Honda Motor and General Motors will jointly produce hydrogen fuel cell power systems in the United States from around 2020, to cut costs and ramp up output in the hope of increasing take-up of the zero-emission cars.
The pair on Monday said they will invest $85 million to add a production line at a General Motors battery plant in Brownstown, Michigan, and create 100 jobs.
Their US investment plan is the latest this month from the auto industry after President Donald Trump urged car makers to raise production in the United States and vowed to cut regulations and taxes to make the US more business friendly.
It also comes soon after Trump promised to dismantle US environmental regulations, which may loosen requirements for lower-emission vehicle development and curb green car demand.
Honda on Monday said fuel cell vehicles (FCVs) remained central to new-energy cars making up two-thirds of its line-up by 2030 from around 5 percent now, driven by US sales.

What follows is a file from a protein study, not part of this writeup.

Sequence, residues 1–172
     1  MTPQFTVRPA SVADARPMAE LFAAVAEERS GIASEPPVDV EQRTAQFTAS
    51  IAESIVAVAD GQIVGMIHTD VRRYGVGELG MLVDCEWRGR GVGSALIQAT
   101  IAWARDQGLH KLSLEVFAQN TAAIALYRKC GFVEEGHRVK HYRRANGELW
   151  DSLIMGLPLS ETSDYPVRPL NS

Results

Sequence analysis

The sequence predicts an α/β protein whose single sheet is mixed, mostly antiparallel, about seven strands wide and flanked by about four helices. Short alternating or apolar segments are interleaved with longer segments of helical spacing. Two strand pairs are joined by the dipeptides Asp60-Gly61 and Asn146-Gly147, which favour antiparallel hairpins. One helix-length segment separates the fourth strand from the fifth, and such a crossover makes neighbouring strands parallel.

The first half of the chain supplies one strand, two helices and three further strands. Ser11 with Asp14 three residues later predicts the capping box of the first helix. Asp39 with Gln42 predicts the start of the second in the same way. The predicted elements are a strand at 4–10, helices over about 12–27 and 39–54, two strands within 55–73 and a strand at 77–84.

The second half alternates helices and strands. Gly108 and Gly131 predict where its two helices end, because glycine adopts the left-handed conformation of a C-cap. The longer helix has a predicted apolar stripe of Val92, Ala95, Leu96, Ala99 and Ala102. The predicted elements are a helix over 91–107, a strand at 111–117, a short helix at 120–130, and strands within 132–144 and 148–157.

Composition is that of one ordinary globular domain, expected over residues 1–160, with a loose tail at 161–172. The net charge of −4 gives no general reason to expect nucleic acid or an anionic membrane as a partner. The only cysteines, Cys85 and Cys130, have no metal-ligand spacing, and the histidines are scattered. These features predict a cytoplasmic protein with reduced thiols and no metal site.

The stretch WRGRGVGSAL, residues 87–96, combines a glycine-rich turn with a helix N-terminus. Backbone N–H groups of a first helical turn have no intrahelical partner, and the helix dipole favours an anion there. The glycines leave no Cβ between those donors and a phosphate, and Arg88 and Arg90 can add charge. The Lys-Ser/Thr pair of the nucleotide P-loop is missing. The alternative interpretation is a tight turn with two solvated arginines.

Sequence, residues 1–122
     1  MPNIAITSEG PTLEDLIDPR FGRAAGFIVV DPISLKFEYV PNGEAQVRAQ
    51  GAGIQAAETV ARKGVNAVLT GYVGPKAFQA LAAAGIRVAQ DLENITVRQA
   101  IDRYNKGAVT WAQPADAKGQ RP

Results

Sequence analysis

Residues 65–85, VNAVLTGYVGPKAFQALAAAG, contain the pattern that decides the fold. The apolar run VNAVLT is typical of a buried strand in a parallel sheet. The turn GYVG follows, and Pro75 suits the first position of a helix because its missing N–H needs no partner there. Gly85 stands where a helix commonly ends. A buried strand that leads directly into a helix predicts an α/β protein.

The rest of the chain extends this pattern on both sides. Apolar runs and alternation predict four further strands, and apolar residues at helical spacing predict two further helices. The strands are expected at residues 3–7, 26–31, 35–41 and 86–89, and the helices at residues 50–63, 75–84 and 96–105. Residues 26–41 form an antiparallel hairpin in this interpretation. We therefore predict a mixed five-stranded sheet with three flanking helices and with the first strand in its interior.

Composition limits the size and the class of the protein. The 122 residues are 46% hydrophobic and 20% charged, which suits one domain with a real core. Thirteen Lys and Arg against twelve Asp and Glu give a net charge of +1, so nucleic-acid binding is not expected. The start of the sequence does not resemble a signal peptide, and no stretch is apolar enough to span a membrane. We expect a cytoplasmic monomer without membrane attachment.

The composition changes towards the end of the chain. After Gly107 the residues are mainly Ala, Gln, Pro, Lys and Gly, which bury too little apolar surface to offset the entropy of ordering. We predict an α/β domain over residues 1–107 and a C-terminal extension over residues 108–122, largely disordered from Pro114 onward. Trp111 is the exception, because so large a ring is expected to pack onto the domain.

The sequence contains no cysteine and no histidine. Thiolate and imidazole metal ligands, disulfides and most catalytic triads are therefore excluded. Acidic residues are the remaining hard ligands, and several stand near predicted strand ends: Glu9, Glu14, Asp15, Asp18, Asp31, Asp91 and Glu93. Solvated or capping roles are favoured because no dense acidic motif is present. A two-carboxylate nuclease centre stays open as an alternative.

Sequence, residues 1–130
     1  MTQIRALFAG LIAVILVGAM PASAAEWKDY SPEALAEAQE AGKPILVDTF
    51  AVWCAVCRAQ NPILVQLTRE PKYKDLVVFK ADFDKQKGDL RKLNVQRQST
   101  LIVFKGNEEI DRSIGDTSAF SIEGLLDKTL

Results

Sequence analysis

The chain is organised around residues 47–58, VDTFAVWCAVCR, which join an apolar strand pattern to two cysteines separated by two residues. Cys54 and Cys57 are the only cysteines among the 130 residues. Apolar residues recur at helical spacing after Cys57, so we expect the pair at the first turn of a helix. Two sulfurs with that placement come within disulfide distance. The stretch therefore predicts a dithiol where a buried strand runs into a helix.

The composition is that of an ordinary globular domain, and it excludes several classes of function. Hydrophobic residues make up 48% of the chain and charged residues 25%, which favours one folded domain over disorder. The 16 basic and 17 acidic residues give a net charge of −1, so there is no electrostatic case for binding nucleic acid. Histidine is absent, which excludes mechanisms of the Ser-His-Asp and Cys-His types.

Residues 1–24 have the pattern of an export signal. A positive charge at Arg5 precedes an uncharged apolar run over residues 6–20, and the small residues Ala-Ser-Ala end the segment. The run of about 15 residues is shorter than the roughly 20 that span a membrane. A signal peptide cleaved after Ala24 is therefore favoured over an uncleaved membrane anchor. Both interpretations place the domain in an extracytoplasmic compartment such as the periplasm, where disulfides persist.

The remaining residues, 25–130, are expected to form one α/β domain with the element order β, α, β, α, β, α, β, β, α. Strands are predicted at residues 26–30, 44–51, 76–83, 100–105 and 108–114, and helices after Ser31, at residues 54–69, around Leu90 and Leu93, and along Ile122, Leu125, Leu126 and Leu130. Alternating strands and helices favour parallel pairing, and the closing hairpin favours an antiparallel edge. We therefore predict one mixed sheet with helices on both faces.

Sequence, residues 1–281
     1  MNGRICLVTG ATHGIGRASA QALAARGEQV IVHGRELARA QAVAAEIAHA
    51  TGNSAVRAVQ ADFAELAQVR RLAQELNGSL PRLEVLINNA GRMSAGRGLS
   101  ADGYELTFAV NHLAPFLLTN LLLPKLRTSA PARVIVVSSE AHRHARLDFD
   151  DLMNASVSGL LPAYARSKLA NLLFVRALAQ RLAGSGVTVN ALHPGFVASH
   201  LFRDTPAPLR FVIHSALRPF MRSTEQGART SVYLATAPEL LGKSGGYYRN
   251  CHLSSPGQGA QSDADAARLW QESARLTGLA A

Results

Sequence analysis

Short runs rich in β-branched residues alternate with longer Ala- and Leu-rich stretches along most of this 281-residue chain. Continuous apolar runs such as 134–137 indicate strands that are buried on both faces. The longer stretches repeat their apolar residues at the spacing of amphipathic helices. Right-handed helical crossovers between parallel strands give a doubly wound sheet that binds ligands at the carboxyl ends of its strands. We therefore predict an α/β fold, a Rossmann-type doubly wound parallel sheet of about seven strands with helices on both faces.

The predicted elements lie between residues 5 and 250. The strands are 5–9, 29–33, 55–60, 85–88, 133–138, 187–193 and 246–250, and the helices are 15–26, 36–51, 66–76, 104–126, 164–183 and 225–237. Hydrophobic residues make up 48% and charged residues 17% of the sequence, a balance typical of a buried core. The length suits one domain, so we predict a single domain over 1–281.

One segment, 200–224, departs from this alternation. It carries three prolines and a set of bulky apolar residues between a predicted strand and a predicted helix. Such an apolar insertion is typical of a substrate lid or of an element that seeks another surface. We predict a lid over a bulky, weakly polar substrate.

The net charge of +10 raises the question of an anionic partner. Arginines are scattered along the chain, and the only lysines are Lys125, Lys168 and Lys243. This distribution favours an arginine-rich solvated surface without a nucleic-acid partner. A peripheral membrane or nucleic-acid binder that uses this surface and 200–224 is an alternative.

"The United States is where demand for fuel cell vehicles is going to be among the highest so we've decided to consolidate our manufacturing operations into one location there," Honda spokesman Teruhiko Tatebe said at a joint news briefing in Tokyo.
"Both General Motors and Honda have our respective missions to develop clean energy sources, and we plan to continue these regardless of the political situation."
Honda is among a handful of automakers to develop FCVs, which combine hydrogen and oxygen to produce electricity and emit only water. But limited fuelling infrastructure has subdued demand while in the US, low petrol prices have pushed consumer preference toward sport utility vehicles and pick-up trucks.
Honda has produced just 118 of its Clarity Fuel Cell cars since its US and Japan launch last year at a relatively high price of 7.66 million yen ($66,795).
Honda makes that vehicle's components in Japan but on Monday said it would eventually shift production of fuel cell power systems to the US to cut costs. It said it had not decided whether to continue assembling FCVs at home in the longer term.At General Motors, research into hydrogen as a fuel stretches as far back as the mid-1960s with a modified Chevrolet Corvair.
As part of a development partnership forged in 2013, the latest agreement will see General Motors and Honda each hold 50 percent of newly formed Fuel Cell System Manufacturing. Their future FCVs will share the same power system from around 2020, but they declined to comment on any plans for jointly developed vehicles.